(Wednesday) Last night was another rough night sleeping, but I woke up refreshed and full of energy. Today our group is split into two. We are doing two separate building projects. My group has seven members including Madeleine, Sam, Luke, Natalie, Anastasia, Brent and myself. After breakfast we began the toilet project.
We walked through the rice fields from the house to the site. We built a toilet at a nearby house so it was not a far walk. The guys had the hardest job carrying three 250lb cement circles to the site. It was tied with a rope and then strung on bamboo wood to help distribute the weight. The temperature was hot, but the sun was forgiving. The morning had been somewhat cloudy.
There were several families at the site when we got there. There was an old man who was practically folded in half because there's a piece of a bomb lodged in his spine. They were so kind and welcoming. I immediately felt comfortable. They gave us their blessing and thanked us before we started working. The old man told us that the Buddhists believe people who help build toilets (or other personal hygiene items) are meant to have long, prosperous and healthy lives. He spoke with such compassion, and I was even more inspired to start digging.
We had to dig a whole about 3 meters deep. The cement circles would later be placed inside to become a compost. The digging was hard and strenuous. The tools used were simplistic and ancient. Our shovel was a piece of bamboo and metal. We took the excess dirt and piled it into a woven basket to be taken out of the hole. Within minutes I was drenched in sweat. It was hot and humid as I hunched over trying to dig. I had a lot of fun while digging, but we rotated every so often. I then started stripping bamboo posts. For the first time, I was able to use a machete! I felt my hands getting hotter and hotter until I had a blister in the middle of my palm. It had only been a half hour yet I already had a blister. I ran back to the house to get my first aid kit, cut a piece of mole's skin and patched myself up. Within minutes I was back to work.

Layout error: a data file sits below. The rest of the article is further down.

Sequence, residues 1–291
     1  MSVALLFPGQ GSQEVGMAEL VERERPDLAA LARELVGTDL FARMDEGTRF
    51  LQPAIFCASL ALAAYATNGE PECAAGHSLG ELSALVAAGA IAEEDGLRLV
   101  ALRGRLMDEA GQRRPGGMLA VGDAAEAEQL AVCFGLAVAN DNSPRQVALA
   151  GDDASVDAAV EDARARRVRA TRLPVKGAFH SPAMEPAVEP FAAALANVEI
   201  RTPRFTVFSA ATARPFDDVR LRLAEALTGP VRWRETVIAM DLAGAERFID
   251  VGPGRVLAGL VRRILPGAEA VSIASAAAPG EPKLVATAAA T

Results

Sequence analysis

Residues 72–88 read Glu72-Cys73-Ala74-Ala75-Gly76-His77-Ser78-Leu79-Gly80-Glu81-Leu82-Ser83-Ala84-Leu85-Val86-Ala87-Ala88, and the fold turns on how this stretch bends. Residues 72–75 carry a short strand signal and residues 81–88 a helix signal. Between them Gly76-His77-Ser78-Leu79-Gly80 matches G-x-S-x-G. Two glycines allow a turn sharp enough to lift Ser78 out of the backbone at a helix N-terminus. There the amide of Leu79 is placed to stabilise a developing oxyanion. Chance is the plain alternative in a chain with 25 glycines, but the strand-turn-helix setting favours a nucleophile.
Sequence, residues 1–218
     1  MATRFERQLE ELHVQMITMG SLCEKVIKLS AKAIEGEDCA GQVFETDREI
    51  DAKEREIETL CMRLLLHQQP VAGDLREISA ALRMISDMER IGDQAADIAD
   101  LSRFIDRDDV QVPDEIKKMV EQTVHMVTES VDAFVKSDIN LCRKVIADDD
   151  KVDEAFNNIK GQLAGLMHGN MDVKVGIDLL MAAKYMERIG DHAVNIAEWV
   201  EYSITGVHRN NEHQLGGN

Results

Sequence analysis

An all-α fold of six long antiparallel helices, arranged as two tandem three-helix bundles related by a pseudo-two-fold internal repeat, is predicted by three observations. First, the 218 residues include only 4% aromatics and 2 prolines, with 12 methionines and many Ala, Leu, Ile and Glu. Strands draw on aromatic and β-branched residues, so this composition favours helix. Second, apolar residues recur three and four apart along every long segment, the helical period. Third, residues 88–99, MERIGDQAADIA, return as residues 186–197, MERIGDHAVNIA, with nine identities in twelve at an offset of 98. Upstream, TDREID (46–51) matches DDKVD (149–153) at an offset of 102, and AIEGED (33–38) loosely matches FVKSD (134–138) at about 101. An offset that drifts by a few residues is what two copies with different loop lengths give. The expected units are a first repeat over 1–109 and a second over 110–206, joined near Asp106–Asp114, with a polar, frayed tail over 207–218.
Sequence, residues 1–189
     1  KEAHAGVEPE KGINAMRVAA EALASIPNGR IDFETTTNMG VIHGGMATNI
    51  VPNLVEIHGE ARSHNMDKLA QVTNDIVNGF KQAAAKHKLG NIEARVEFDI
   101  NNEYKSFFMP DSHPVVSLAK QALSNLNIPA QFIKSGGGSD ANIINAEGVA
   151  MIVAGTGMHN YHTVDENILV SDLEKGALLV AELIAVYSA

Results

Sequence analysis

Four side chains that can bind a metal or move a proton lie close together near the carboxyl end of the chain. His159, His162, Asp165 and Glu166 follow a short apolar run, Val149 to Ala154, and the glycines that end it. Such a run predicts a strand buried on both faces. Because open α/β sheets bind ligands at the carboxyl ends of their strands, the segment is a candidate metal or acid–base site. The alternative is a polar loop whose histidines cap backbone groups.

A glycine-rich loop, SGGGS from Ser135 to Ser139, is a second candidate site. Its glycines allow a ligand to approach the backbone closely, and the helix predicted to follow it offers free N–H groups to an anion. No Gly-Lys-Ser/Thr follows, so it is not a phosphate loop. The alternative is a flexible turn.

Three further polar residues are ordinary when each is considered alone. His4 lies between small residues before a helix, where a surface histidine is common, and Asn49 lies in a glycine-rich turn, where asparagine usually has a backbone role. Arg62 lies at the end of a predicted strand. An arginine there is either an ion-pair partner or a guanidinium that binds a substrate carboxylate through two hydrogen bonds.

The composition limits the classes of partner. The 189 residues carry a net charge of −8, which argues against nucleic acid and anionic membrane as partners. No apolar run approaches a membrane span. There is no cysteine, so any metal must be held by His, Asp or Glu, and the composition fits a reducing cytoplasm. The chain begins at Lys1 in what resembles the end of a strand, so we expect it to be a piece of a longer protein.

Instead of fretting, we pulled out our phrase books and began to interact with the families. The kids and adults joined us in a fit of laughter and learning. We asked what everyone's names were and then began talking about animals and foods. Afterward, we went over the months and days of the week. It was so fun saying it in English and then learning it in Khmer. The locals learned the English words and laughed at our poor pronunciation of the Khmer words. I was so happy. We bonded with this family on a much deeper level. I did not feel like we were building a toilet for some stranger but for our friends. I was extremely grateful for their kindness and hospitality.
Madeleine and I helped with the concrete mixture by pumping water from the well and carrying it over. Others collected bricks. When we were done with the water, I decided to collect some bricks. As I was picking up my stack a little gecko poked its head out. I don't think he would have enjoyed being sealed in the bricks and concrete so I shook him out. When the foundation was laid, we had to wait for it to dry. The guys then carried the cement circles into the hole. I think the girls are pretty strong, so I suggested we give it a try. Everyone watched with great enthusiasm when we counted down to lift up the 250lb monster. We were able to lift the circle off the ground and with some help transport it to the hole. I think we all patted ourselves on the back for that one. So much for a "man's job." They must have missed the memo that they had some pretty tough girls on site! Again, more laughter and excitement.
When our work was done, we retreated back to the house. I was sad to leave. This day was the most memorable day. It felt so good to give this family something of substance. In a few days, we will donate more personal hygiene products. Many families are ignorant to personal hygiene. My heart broke when I saw the rotting teeth of the little girls. They all pick lice and fleas off one another and use a bush as a bathroom. I was so happy they let us into their homes and stood by our side the entire time. The personal interaction was unbelievable. We broke the language barrier with as many smiles as possible. Their faces will forever be engraved in my memory. Despite their lack of money, clothes, housing, etc. they were full of life and spirit. Their smiles masked any hardships. I feel fortunate and continuously count my blessings on this trip. I find myself growing and learning from each experience and hope I can continue to have a positive impact on others as they inspire me.